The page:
There must be so many unemployed people that don’t own Toyotas……..

            How does anyone else get to work?

            No wonder the economy is struggling……employees can’t get to work because of all those insanely unreliable non Toyota cars they own.

            We really need to change to Toyota Ambulances in this country, no one would ever die…….because they would all get to the hospital every time.

          • Avatardejal

            I can’t directly answer Carmine below.

            Did you want me to say “Honda, Toyota, Chevy, Chrysler, Ford, Lincoln Mercury, Nissan, Hyundai, Kia, Buick, etc….”? Maybe “Main stream car sold in bulk” would be better?

            I don’t even own a Toyota. I just said Toyota because that was the brand mentioned upstream from me.

            May I suggest

            Substitute Toyota for Heineken.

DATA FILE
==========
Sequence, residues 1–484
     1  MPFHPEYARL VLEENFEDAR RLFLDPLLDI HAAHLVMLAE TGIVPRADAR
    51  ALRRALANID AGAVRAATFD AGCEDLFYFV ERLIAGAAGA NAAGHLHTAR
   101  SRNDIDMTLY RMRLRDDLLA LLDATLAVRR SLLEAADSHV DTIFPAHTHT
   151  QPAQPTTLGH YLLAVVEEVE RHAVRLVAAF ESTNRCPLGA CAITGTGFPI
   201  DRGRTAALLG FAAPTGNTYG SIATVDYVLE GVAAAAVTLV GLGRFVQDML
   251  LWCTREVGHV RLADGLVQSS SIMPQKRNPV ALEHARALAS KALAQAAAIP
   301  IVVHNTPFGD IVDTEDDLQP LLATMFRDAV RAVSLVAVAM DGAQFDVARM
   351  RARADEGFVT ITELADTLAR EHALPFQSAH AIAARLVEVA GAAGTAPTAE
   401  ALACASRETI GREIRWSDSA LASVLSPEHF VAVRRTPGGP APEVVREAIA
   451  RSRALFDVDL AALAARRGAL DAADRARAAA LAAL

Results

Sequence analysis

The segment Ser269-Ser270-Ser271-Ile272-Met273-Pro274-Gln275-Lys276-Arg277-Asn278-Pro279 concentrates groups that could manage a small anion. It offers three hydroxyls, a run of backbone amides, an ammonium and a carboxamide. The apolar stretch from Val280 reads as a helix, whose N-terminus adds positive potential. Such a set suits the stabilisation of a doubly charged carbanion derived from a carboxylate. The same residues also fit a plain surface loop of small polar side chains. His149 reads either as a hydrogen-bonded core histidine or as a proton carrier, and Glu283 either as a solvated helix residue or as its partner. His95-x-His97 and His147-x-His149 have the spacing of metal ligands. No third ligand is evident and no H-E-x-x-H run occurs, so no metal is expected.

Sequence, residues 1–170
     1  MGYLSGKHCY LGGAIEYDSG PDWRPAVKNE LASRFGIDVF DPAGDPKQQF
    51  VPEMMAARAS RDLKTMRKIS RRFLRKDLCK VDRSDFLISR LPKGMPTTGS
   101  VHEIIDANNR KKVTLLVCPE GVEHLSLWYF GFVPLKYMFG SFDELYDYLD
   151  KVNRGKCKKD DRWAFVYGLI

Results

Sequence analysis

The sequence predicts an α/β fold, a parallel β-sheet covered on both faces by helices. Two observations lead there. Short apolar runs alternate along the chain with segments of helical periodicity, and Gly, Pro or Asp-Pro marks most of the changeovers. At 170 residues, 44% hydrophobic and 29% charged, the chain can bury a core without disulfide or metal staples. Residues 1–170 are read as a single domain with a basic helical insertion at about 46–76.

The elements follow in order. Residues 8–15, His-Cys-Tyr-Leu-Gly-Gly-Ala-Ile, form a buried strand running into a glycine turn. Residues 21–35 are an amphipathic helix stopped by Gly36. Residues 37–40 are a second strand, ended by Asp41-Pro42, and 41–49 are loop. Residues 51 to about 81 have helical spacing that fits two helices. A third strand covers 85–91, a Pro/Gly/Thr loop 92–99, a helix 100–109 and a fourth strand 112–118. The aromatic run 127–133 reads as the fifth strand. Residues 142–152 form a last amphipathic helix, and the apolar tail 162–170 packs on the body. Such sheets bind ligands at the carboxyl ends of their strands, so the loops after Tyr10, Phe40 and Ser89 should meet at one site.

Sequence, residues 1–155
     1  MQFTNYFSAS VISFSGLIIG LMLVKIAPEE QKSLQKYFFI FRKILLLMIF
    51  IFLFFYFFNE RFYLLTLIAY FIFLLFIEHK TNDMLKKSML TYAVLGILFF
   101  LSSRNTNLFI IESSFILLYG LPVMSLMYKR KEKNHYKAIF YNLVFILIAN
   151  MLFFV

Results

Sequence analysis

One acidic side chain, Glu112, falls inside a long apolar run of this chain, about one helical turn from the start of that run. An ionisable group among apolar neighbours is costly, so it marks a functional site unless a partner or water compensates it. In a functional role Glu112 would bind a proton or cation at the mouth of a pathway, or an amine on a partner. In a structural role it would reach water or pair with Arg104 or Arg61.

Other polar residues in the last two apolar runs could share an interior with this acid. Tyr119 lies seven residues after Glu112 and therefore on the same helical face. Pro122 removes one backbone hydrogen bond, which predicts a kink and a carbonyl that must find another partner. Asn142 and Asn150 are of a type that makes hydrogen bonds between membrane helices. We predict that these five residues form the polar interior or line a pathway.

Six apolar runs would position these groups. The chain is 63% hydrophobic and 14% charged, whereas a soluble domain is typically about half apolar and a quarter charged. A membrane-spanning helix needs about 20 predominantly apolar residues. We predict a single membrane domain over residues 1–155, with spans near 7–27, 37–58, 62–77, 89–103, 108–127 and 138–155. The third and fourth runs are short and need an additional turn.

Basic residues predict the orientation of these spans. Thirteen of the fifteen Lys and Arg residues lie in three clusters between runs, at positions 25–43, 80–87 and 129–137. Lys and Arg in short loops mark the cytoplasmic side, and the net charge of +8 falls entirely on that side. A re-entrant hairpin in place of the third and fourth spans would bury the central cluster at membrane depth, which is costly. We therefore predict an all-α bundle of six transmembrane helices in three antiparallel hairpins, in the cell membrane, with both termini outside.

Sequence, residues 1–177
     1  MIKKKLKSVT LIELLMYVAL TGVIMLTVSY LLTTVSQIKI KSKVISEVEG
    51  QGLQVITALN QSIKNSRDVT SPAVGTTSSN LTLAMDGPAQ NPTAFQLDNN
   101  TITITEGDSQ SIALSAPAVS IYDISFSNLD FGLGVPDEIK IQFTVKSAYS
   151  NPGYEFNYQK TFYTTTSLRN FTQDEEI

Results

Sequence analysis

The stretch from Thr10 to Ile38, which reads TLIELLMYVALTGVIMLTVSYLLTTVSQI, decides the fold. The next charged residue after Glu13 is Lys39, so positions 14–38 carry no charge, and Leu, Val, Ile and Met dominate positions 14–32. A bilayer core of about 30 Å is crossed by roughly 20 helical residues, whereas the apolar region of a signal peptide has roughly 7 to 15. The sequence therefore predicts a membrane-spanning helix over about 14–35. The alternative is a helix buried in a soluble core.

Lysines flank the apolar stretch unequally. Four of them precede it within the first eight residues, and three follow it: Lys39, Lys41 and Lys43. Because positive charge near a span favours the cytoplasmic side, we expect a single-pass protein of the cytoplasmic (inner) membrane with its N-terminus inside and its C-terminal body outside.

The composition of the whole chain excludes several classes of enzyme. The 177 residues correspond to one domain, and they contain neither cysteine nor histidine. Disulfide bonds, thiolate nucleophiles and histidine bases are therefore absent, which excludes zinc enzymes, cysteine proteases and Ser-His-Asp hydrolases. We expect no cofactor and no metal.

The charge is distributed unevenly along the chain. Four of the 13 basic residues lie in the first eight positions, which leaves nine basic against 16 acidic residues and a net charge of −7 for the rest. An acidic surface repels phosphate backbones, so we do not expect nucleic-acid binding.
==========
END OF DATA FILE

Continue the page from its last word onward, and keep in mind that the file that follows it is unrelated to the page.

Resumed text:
You will forever look and sound like “Frank” from Blue Velvet in my mind from now on.

          • Tom KlockauTom Klockau Post author

            I think he was responding more to the permanently cranky guy. Sometimes when you reply to a comment, they pop up in a different spot. 🙂

      • AvatarCarmine

        The amazing thing really is that in the all the history of automobiles, there has never been a recorded incident of a Toyota breaking down?

        You know their dealers don’t even employ mechanics or even carry spare parts??

        Never had a recall or anything…..

        Its amazing, they just keep running, they don’t even need gas or oil……


        • Avatararbuckle

          “History is for books.”

          Classic and late model cars are a thing (just ask the guy running this website). You can’t simply handwave them away as you lug the goalposts down the field. The Macan being a trashcan doesn’t cause every 964 to turn to dust.

          And what does your friend own? Is he really spending two weekends a month DIYing a 2015 Cayenne?

          • AvatarCJinSD